Xerox Corporate Split Reflects Changing Industry Dynamics
Xerox announced that the company will split into two separate public companies, one focusing on hardware and software, the other dedicated to professional services.
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What happens when the market value of a company is less than half its annual revenues? If it's Xerox, it splits itself into two pieces in an effort to let each half become much, much more profitable.
Xerox announced on January 29 that the company will break itself into two publicly traded companies: a Document Technology company, which retains all the hardware and software that are the core of Xerox's traditional business; and a Business Process Outsourcing company, based around Xerox's professional services organization, much of which was acquired as part of the Affiliated Computer Services Inc. purchase in 2010. The Document Technology company had approximately $11 billion in revenue in 2015, while the Business Process Outsourcing company had approximately $7 billlion in revenue last year.
In a prepared statement, Xerox chairman and CEO Ursula Burns said, "These two companies will be well positioned to lead in their respective rapidly evolving markets and capitalize on the opportunities that now exist to expand margins and increase market share." The transaction is designed in a way that shouldn't have any tax implications for the company or its shareholders, the most active of whom is Carl Icahn, who will have control of three board seats in the new Business Process Outsourcing company.
The company aims to complete its separation by year's end, according to the statement, which noted: "Until the separation is complete, Xerox will continue to operate as a single company, and it will continue to be business as usual for our customers and employees."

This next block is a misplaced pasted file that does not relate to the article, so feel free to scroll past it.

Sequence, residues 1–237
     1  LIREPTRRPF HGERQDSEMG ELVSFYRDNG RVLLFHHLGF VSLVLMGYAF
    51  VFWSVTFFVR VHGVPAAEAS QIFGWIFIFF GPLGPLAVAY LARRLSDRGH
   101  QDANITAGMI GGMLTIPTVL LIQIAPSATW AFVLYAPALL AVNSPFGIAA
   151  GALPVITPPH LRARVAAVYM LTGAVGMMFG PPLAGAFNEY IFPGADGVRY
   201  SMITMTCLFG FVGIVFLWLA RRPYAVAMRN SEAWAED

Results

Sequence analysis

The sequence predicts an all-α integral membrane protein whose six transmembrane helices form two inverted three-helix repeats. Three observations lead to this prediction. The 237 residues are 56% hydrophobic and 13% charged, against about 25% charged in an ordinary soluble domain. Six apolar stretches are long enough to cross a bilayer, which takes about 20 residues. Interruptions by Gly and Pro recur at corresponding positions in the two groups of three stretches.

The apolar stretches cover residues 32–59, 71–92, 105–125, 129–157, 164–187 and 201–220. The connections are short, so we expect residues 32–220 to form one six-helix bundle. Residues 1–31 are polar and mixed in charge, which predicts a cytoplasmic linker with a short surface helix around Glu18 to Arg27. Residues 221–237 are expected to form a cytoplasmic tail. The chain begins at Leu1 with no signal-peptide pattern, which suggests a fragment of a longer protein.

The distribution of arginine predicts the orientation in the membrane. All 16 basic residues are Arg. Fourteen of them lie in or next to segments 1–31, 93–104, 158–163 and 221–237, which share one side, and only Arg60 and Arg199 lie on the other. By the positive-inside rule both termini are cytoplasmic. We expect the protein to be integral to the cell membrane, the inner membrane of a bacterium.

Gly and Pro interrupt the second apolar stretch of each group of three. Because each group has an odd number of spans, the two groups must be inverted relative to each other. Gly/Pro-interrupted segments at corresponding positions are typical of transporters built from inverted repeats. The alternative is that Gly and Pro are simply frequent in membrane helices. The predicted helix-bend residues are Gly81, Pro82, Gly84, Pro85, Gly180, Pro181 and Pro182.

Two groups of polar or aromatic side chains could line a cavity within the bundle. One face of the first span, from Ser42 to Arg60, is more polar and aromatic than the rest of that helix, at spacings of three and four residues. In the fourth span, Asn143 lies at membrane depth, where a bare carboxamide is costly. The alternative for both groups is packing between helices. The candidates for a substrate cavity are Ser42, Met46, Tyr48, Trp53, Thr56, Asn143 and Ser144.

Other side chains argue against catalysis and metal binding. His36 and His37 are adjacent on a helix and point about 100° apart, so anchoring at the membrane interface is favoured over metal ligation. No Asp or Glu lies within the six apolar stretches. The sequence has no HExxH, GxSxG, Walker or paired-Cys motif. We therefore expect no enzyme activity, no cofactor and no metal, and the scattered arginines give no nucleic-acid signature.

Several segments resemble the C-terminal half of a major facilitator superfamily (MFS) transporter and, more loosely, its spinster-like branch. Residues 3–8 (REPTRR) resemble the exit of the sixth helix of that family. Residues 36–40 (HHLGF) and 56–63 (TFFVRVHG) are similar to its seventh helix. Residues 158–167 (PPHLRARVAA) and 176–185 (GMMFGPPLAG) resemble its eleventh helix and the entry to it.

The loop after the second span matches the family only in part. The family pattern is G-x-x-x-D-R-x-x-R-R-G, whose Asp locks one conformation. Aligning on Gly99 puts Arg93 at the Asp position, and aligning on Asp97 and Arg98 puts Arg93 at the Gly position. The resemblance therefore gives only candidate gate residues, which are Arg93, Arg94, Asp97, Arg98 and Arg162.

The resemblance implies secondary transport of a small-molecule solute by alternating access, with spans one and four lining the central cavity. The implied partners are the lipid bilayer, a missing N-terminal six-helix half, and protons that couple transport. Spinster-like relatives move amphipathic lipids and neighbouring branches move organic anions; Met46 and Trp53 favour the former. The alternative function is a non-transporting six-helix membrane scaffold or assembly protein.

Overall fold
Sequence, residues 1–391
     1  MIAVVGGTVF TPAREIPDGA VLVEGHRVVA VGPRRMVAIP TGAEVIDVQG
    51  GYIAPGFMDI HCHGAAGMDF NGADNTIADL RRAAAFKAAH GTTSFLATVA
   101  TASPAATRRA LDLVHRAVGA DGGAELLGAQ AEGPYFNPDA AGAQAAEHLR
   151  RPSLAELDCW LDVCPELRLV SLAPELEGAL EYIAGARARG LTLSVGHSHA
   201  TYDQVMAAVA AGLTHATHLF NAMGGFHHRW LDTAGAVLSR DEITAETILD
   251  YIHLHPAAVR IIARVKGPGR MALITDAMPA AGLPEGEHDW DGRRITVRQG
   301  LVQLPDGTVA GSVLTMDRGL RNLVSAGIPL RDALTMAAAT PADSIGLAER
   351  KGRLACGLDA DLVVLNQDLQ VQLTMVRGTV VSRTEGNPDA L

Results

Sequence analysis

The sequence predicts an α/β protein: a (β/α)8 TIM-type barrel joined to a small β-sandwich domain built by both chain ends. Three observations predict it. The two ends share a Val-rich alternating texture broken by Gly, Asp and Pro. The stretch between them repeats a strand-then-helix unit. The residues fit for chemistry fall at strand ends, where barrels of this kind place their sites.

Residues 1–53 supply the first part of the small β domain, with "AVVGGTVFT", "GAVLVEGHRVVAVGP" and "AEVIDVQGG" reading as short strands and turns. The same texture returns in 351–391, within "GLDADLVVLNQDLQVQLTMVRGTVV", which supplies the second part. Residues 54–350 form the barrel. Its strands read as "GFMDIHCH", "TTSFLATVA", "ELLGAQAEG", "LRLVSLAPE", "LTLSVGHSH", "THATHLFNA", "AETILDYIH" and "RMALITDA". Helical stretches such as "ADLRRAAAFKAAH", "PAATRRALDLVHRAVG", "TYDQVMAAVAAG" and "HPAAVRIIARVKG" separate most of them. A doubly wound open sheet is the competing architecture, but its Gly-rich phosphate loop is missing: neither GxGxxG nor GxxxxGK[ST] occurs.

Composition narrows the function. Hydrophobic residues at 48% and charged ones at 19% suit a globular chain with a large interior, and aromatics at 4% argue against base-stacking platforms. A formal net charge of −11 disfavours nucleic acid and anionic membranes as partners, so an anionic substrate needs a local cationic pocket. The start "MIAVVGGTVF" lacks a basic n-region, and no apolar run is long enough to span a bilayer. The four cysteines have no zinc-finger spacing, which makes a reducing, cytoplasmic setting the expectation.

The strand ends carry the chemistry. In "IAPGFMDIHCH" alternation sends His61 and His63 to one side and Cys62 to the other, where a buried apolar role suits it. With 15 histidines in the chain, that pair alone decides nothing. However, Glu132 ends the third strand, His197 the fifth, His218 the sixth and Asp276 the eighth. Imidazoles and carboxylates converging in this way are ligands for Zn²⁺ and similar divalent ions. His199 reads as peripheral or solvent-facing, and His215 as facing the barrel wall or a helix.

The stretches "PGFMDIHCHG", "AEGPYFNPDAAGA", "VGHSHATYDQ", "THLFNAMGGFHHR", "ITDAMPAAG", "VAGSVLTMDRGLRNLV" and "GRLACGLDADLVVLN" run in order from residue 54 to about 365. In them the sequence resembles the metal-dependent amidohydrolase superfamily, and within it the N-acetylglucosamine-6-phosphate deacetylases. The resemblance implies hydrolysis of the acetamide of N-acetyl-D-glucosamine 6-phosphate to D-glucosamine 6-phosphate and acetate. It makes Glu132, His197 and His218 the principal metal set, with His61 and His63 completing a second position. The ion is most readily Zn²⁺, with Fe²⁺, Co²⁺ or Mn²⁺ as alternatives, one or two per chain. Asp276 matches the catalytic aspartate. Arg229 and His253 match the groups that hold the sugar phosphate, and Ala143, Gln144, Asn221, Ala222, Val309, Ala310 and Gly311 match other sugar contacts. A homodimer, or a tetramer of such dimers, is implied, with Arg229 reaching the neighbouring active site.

Todd Thibodeaux, CEO of IT industry trade association CompTIA, told InformationWeek in a telephone interview that the Xerox move is part of a trend among companies moving to concentrate on business strengths. "It's a continuation of a trend that goes back to when IBM started to shed divisions," Thibodeaux said, pointing to the printer and PC divisions that IBM shed years ago. Speaking more directly about the Xerox split, he said, "We've seen companies acquire services and then decide that they can operate better with just the hardware."
Thibodeaux said that he sees the Xerox split as nothing but good for the company's customers. "The ability is there for [customers] not to feel tied to a single vendor when there's a lot of innovation going on, so they can get a wide range of services and look to a wide range of vendors for document management, ERP, or even hardware."
Asked whether he thinks the breakup trend among tech stalwarts like Xerox will continue, Thibodeaux said that he sees Xerox as one of the last companies of its size and age to go through the process, simply because so few companies remain eligible for the split. "We're running out of big companies that are open to splits like this. Would SAP be one?" he wondered.
Xerox chairman and CEO Ursula Burns
Thibodeaux also pointed out that more than size and product mix come into the equation when companies consider splitting up. "It also deals with how companies relate to their channels," he said. "Dell has been experimenting with something like this. When you really get big in services you're going to put yourself into competition with your channel," he said.
Ultimately, Thibodeaux sees this as a positive development for Xerox. "This is an exciting opportunity for a company this old. A lot of companies, when they get to this point in their history, are reluctant to do this sort of thing. They're a very good brand, and I'm excited to see what they're going to do next."
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